In this vein, I always, secretly felt that NFL execs probably did NOT overrate combine results. They don’t particularly care what mock drafts and media people float out there. I’m sure certain GM’s are actually happy if experts start to slip a player down draft boards, especially if it is someone who said GM may be targeting.

But then every year, we see someone who actually was a combine stud get drafted much higher than they should have. So NFL franchises aren’t actually immune to the lure…or is something else going on there? There’s no way pro football general managers can be as short-sighted and stupid as common fans, is there?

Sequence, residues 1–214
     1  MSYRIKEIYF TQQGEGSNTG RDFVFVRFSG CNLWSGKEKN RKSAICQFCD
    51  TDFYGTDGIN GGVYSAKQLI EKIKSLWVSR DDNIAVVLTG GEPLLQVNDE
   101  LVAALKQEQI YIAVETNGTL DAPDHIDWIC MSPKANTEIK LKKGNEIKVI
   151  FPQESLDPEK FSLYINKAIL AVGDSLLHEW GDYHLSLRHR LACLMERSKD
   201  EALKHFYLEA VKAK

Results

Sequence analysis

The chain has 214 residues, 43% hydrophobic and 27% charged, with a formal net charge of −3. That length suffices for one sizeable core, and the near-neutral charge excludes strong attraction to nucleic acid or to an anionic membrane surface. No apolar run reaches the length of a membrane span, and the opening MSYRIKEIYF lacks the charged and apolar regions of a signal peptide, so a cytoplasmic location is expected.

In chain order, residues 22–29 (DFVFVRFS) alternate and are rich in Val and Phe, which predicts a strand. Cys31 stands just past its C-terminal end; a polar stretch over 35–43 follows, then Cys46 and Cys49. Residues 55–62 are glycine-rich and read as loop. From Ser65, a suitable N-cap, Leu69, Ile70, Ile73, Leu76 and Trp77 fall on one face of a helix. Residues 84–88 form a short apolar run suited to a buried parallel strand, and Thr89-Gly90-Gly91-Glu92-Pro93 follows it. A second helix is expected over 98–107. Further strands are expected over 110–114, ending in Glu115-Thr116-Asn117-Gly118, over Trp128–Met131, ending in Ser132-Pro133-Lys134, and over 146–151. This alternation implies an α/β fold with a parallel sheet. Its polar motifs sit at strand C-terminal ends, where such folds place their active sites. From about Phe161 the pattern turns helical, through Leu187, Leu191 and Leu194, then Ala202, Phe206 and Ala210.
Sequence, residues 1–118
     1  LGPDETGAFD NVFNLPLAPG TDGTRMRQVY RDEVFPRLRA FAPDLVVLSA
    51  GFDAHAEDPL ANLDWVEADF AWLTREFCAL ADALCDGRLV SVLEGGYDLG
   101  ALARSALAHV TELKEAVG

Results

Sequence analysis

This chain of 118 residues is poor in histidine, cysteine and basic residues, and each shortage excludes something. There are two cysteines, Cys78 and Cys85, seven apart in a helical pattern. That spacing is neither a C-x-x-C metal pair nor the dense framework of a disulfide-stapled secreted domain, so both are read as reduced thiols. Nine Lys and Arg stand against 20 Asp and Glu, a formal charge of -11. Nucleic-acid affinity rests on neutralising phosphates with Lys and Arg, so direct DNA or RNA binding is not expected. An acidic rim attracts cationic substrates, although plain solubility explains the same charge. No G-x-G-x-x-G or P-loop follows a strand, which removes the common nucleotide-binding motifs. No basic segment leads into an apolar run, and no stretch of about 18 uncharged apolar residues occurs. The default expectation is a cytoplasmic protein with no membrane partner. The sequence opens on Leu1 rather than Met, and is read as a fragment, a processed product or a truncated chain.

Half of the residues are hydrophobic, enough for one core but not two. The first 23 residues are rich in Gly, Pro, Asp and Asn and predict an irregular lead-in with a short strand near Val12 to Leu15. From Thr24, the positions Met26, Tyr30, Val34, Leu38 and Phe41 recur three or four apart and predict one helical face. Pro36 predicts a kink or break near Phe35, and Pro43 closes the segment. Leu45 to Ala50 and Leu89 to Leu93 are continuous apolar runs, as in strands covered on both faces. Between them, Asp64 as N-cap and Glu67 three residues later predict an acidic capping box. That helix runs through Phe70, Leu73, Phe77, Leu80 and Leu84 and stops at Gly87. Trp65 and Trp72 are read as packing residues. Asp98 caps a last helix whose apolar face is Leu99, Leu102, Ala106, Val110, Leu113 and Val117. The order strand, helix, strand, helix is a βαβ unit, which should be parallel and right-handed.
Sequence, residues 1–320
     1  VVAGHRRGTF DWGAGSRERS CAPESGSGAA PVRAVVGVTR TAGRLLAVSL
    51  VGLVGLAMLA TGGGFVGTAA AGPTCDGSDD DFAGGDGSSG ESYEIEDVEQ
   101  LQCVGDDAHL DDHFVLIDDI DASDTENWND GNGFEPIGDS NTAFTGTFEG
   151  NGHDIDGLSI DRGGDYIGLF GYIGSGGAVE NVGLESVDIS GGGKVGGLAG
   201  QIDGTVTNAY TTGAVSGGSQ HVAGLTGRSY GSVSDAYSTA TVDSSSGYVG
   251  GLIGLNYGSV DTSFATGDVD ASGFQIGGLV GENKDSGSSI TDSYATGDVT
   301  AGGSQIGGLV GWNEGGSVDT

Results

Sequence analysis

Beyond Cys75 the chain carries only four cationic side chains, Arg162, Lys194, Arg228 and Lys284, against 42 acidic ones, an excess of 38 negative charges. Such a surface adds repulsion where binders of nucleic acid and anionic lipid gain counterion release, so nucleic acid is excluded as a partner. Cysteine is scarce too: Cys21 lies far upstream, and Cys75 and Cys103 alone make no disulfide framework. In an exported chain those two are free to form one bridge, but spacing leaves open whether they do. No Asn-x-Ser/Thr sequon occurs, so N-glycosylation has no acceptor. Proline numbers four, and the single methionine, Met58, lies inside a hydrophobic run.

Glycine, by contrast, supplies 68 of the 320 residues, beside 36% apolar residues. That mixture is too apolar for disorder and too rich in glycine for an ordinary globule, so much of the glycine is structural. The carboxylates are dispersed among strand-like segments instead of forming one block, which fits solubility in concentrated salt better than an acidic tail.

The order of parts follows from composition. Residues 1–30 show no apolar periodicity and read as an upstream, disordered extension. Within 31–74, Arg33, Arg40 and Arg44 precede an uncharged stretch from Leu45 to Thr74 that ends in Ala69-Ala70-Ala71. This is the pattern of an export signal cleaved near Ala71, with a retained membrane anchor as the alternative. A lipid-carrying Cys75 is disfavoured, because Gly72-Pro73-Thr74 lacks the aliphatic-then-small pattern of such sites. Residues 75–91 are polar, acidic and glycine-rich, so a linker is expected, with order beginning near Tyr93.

You set me up for the classic “Let’s bash NFL fans, coaches, general managers, the media and the NFL combine” argument, but I’m on the other side of that weakly staked fence. I get it, you don’t want intangibles to be as important as they are. You want a player’s performance on the field to be the only barometer for measuring his pro-level abilities and you want this simply because it’s what you saw with your eyes and what you can mark down as a fact. The college football player was either dominant or not. He got touchdowns or he didn’t. Those are things everyone can rely on, be it fans, media, or coaches. And the NFL combine is basically the opposite of this. It goes against all fact based deductive reasoning of a player’s abilities. It can be infuriating for this very reason, but that only makes it so much more important. I’m here to tell you that the NFL combine is awesome, critical, and the best thing for finalizing a player’s evaluation. It allows you to measure a player’s intangibles based upon very simple tangible tests.